Students create rangoli designs and analyze their work using principles of design.
- Length: 2 or 3 60-minute lessons
- Grades: 5-8
- Students will explore a form of art that is used for religious purposes and as a decorative greeting.
- Students will discuss how this art form ties in with others practiced by different cultures.
- Students will work with principles of design (repetition, pattern) to create an artwork that is both functional and decorative.
- Students will complete a written assignment applying art terms in an art discussion format.
A Prayer on the Doorstep (Indian Rangoli)
Found On: Visual Arts and Culture
Vocabulary, Materials, and Handouts
balance, color, elements of art, line, pattern, principles of design, shape, symmetrical
TV/VCR or DVD player, sidewalk chalk
- Rangoli Grids
- Multiple-Choice Questions
- Answer Key
Instructional Strategies and Activities
Students love an activity that gets them outside. With this lesson you can break your classroom routine and teach important design concepts in visual arts while giving them a firsthand experience in creating an Indian cultural design tradition.
Rangoli is an art form used by people in India.It is a type of decoration drawn on the ground or sidewalk in front of a house. Rangoli has a purpose; it is used to “enlighten” or to welcome Hindu gods to the household.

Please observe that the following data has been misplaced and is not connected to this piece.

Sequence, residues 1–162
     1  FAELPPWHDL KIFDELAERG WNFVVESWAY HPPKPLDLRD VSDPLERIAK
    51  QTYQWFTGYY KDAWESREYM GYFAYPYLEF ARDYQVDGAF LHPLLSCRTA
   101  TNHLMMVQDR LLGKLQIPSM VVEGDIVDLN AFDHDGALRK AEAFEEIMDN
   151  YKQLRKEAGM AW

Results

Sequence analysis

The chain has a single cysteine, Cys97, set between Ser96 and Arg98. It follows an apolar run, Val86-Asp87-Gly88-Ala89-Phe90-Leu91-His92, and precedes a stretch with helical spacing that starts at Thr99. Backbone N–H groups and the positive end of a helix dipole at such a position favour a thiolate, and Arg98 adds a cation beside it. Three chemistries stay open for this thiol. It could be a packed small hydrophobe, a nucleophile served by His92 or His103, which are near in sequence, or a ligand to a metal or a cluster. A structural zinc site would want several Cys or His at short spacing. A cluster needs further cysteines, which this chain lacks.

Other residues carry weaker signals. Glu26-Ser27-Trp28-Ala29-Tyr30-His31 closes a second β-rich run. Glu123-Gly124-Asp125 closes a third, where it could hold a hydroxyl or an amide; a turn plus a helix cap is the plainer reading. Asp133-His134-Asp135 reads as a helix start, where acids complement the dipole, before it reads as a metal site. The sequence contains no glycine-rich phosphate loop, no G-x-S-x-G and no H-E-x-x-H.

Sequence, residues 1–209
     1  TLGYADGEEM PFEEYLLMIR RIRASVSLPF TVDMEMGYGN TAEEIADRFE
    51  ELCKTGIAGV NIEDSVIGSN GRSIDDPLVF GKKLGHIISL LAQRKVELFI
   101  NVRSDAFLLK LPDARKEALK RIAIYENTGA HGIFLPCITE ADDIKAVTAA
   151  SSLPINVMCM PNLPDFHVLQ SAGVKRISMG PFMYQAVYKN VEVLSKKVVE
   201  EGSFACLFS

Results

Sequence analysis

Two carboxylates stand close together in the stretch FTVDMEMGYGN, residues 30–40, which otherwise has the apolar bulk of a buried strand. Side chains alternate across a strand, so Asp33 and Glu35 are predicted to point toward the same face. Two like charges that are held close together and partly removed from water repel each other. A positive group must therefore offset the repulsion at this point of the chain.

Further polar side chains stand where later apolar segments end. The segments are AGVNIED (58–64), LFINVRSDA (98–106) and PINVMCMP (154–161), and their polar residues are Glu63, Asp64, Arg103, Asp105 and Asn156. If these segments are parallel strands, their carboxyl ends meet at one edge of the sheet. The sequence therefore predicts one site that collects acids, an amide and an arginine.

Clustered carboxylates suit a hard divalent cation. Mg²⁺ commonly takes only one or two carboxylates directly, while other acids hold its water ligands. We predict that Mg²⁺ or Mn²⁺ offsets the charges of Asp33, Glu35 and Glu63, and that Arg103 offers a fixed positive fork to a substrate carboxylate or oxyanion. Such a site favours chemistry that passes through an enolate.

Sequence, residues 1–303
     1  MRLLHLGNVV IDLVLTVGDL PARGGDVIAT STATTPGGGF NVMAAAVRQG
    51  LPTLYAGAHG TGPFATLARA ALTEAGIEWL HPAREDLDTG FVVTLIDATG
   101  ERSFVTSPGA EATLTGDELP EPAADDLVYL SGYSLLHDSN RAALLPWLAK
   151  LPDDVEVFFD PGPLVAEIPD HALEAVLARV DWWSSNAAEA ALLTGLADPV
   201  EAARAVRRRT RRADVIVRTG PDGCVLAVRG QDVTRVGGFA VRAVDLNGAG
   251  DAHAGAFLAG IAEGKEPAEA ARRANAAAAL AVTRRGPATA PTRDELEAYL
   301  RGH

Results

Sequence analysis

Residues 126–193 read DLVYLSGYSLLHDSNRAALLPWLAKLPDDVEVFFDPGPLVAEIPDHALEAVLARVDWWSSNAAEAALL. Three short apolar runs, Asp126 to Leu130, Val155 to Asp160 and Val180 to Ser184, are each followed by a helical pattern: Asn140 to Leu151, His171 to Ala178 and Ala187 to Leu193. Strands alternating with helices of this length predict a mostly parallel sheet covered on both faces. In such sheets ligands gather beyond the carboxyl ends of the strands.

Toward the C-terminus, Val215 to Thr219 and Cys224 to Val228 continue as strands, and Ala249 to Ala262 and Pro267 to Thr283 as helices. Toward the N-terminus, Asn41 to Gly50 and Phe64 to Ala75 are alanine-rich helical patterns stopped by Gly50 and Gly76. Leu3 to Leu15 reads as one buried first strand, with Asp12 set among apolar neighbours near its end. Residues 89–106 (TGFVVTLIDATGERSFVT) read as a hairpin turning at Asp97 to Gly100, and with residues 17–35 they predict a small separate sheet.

Mothers in India do this activity every morning and teach rangoli to their daughters. It is a type of folk art that is passed from one generation to another.
- Initiate a discussion about how we show that people are welcome into our homes (wreaths, welcome mats, seasonal decorations, etc.).
- Do people living in Kentucky use seasonal decorations that have religious meaning? Can you think of examples?
- What are other things we see outside a house or on a porch that make people feel welcome in our homes?
- Use the handout to help students focus on lesson points and to engage them in activities.
- Show the “Rangoli” video.
- Following the video, discuss what you saw, allowing students to use notes from the handout.
- What media were used? (rice flour paste, colored sand, petals, beans)
- Have you used sidewalk chalk?
- The women in the videotape sometimes had to come up with different ways of making the colors for their design. What do you think you could use to create a welcome sign on a sidewalk outside your school if you did not have chalk?
- What is the difference between graffiti you see on buildings and the design these women made on their walkway?
- Why do you think the women did not use words or lettering on their symbols?
- Demonstrate how to draw dot grid patterns on the handout, then encourage students to try their hand at creating a rangoli design using the dot grid.
- Using elements and principles of design, discuss how students repeated elements over and over to create patterns and discuss types of balance. (Most students will probably create symmetrical designs.)
Class 2: 30 minutes+